To check for CLL, one of the things a patient’s doctor will look for are certain proteins on the surface of the B-cell’s membrane. Different cancers will have a common protein pattern on the cell’s surface (immunophenotype). The B-cell will be labeled as CLL if proteins CD5, CD19, and CD23 are on the B-cell’s surface. Some CLL cells may also have surface protein CD20. To classify as CLL, the cells should never have surface protein CD10.
(Image source: NCCN)
To check for the protein pattern, the CLL patient’s doctor will complete a flow cytometry test.
This is done by taking a sample of the patient’s blood and mixing it with a solution that includes fluorescent dyed antibodies to attach to each of the CLL cell’s specific proteins (CD5, CD19, CD20, and CD23). The sample is placed into the flow cytometer machine and the cells move single file past a laser. As the laser shines on each cell, the fluorescent antibody markers that have attached to the cell’s proteins will illuminate their dyed color. The computer records information from the test.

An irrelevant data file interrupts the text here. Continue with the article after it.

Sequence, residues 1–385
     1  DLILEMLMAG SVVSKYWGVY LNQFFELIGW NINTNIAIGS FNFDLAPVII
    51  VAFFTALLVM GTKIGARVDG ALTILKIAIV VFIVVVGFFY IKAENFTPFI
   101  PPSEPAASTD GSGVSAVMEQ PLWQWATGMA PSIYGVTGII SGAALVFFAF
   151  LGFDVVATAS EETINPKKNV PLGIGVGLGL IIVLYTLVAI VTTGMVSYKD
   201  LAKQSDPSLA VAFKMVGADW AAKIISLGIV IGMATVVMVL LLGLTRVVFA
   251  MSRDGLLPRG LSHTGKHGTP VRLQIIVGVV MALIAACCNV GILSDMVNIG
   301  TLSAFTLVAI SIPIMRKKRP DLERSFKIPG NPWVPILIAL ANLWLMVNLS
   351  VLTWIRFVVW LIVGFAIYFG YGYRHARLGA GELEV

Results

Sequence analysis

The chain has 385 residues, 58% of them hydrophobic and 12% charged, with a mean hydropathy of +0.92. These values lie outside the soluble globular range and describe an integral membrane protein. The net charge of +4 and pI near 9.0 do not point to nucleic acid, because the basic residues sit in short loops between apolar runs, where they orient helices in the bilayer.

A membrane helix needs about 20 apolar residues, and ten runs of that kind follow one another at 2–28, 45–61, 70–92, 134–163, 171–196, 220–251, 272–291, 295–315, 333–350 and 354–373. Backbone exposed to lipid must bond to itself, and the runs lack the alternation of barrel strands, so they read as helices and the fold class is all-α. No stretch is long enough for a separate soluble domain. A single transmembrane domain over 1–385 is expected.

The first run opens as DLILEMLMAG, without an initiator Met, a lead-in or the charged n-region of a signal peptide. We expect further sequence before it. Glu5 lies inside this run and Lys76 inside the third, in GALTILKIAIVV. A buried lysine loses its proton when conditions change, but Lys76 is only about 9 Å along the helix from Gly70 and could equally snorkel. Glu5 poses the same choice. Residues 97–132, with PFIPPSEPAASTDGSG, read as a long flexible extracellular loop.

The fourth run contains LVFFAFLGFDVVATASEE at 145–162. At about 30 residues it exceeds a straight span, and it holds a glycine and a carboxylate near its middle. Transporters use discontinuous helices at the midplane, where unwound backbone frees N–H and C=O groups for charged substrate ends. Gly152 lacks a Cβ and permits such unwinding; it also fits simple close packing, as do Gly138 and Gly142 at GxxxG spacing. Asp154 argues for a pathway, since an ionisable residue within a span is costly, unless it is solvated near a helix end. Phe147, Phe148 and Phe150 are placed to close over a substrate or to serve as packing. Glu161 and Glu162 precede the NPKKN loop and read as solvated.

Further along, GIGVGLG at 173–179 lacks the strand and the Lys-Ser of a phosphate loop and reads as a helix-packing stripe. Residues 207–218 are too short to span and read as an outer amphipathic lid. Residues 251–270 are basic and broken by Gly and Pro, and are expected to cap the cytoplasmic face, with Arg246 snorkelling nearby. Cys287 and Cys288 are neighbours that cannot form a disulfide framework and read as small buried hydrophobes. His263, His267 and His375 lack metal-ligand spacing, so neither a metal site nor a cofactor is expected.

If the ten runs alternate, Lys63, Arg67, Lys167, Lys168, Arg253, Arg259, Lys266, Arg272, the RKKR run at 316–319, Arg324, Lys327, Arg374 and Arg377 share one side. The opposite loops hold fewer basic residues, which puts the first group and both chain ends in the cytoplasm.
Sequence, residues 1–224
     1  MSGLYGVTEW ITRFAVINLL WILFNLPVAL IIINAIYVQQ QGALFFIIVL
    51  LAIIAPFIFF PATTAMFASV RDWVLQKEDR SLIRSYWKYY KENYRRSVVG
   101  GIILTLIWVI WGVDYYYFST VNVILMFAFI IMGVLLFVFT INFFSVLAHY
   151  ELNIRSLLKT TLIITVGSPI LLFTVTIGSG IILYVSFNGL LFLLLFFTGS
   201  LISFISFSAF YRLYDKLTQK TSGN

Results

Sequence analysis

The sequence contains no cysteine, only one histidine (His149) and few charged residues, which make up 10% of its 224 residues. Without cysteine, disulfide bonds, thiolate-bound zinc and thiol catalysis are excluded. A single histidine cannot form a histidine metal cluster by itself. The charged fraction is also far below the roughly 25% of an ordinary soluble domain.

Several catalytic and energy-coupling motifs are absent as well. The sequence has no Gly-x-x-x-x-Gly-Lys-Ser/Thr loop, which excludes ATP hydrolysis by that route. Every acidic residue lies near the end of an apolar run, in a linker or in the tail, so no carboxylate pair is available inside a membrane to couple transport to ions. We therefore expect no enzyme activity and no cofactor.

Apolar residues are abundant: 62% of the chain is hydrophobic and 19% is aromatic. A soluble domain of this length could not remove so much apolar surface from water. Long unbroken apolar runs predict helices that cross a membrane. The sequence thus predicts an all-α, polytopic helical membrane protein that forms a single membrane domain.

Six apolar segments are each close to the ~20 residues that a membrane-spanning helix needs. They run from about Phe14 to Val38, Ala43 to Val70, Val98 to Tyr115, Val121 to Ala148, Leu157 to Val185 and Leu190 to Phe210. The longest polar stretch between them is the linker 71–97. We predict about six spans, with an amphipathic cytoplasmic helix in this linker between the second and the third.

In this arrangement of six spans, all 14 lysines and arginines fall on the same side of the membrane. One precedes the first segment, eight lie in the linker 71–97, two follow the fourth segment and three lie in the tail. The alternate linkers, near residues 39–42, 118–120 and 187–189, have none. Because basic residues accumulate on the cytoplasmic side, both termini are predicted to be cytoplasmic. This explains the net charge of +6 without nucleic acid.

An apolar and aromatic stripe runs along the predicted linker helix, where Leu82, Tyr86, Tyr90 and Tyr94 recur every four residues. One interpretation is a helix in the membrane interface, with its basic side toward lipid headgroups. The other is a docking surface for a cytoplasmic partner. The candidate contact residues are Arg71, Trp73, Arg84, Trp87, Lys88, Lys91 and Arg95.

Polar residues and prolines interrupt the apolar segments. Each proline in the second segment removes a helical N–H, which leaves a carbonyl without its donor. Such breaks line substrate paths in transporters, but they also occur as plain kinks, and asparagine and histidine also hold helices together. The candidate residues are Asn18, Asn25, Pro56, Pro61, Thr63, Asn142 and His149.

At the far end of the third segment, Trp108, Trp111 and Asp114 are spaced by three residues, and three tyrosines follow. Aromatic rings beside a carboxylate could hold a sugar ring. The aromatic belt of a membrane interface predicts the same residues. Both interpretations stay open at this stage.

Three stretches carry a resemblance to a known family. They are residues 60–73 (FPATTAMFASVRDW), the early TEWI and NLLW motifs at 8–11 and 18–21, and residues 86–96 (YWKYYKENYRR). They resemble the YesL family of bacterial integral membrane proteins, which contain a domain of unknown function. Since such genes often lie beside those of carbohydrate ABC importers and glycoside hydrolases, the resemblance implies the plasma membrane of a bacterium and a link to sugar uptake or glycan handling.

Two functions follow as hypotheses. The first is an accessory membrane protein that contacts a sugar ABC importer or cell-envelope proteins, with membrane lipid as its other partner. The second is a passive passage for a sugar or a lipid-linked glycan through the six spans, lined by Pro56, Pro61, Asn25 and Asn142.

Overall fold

(Image source: Abbexa)
A diagnosis of CLL is made if the test results show there are at least 5,000 copies of the same CLL cell.
about the author
Megan joined HealthTree as a Community Coordinator for CLL in 2022. She is the daughter of a blood cancer patient and has found a passion for helping support patients and caregivers to advance research for their cure and improve their quality of life. In her spare time, she loves to be around family, sew, and cook.